Norm Charlton was drafted in the first round of the 1984 MLB draft by the Montreal Expos and later make his MLB debut in 1988 with the Cincinnati Reds.  He was best known as being part of the infamous “Nasty Boys” relief pitching corps for the 1990 Reds team who won the World Series and was coined “the Sherriff” by his teammates.

He would later be diagnosed with a ruptured UCL and underwent Tommy John surgery mid-way through the 1993 season.

Return to the Mound

Charlton was recognized for his part in two beloved Mariners teams.  After surgery under the care of Dr. Frank Jobe in July of 1993 requiring the entire 1994 season for rehab, he would return in April of 1995, he would be involved in a mid-season trade that would make him the Seattle’s closer and contribute to the first ever post-season appearance by the “refuse-to-lose” franchise that year.

After Tommy John Accolades

Charlton went on to pitch an additional seven years after returning from Tommy John in 1995 and appeared in 330 games and 900 innings pitched on his reconstructed elbow.  He made appearance in five post-season series including his role in the Mariners’ record setting year of 2001 that would set the MLB record for most regular season wins at 116 that catapulted them to the ALCS.  Charlton retired from baseball after the 2001 season with a career record of 51-54, an ERA of 3.71, 808 strikeouts, and 97 saves.

Todd Worrell

Pitcher
December 1, 1989
April 6, 1992
6 Years, 2 All-Star Games, NL Save leader in 1996, +330 games
Dr. Frank Jobe
Todd Worrell is a former MLB reliever who underwent Tommy John surgery in 1989 and was a feared closer through the second half of the eighties over a 11-year career.

Tommy John Surgery

Todd Worrell was draft in the first round of the 1982 MLB draft and would make his MLB debut as a formidable and reliable closer for the St. Louis Cardinals recording back-to-back 30 save seasons to start his career, earning him NL ROY honors in 1986. Midway through the 1989 campaign, Worrell suffered a setback in his overworked pitching elbow that had averaged +70 appearances during his first three full seasons in the majors.  He was diagnosed with a ruptured UCL and underwent Tommy John surgery in 1989.

Return to the Mound

After surgery under the care of Dr. Frank Jobe and a prolonged rehab period, Worrell would return to the mound for the Cardinals in April of 1992 appearing in 67 games and posting a stingy 2.11 ERA.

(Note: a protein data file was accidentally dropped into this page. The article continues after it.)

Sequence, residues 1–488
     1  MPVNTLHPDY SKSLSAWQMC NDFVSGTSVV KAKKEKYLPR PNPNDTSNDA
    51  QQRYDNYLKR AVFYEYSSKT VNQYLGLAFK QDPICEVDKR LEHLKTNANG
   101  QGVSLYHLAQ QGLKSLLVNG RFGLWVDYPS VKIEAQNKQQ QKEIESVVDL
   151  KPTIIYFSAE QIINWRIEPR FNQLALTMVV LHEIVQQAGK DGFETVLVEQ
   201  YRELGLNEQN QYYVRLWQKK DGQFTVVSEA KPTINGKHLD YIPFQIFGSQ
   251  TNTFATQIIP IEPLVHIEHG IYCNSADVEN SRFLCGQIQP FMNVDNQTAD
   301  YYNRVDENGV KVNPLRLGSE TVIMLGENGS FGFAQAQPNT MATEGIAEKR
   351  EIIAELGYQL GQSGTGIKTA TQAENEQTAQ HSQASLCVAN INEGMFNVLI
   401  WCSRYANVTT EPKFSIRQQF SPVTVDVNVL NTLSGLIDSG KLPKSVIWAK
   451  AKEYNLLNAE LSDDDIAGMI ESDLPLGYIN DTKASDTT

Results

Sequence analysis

After Tommy John Accolades

His successful return after surgery would yield his reconstructed pitching elbow an additional six years, serving as the featured closer for the Cardinals and Los Angeles Dodgers.  He twice would be a NL All-Star selection in 1995 and 1996 and went on to lead the NL with 44 saves in 1996.  Worrell retired after an 11-year MLB career in 1997 and is considered when the best closers of his era.

Steve Ontiveros

Pitcher
July 20, 1989; June 13, 1996
Sept 13, 1990; 2000
5 Years, 1994 AL ERA leader; 1995 All-Star
Drs. Frank Jobe and Lewis Yocum
Steve Ontiveros, was a former MLB pitcher and first athlete to undergo Tommy John surgery twice.

Tommy John Surgery

Ontiveros was one of the rare big league pitchers to have gone to Tommy John surgery twice and credited as the first to successfully returning to a MLB mound after the each, although hampered by injuries, his career never regained his form after the second.  Ontiveros suffered his first UCL injury during the 1989 season and underwent Tommy John surgery in July of that same year under the care of Dr. Frank Jobe.  He would injure the elbow in 1996 and became the first known athlete to receive a second treatment, this time by Jobe mentee, Dr. Lewis Yocum. Both of the Kerlan-Jobe Orthopaedic Clinic.

Return to the Mound

After the initial Tommy John procedure in July of 1989, Ontiveros returned in relatively short period from rehab and took to a MLB mound in September of 1990.  His second bout with UCL reconstruction in June of 1996, wasn’t so fortuitous.  At the time, a second procedure was projected to have only a 50% chance for a successful return.  He remained in rehab for nearly 4 baseball seasons only to return to play for 3 appearances before retiring at the age of 39.

 After Tommy John Accolades

After his first return from Tommy John, Ontiveros would go on to pitch an additional 5 years for 3 different clubs, earning AL ERA title in 1994 posting a stingy 2.65. In 1995 he was selected to the AL All-star team as a member of the Oakland A’s.  With his career cut short after this second UCL injury, Ontiveros retired after a 10-year MLB career after the 2000 season appearing in over 200 games and posting a career 3.67 ERA.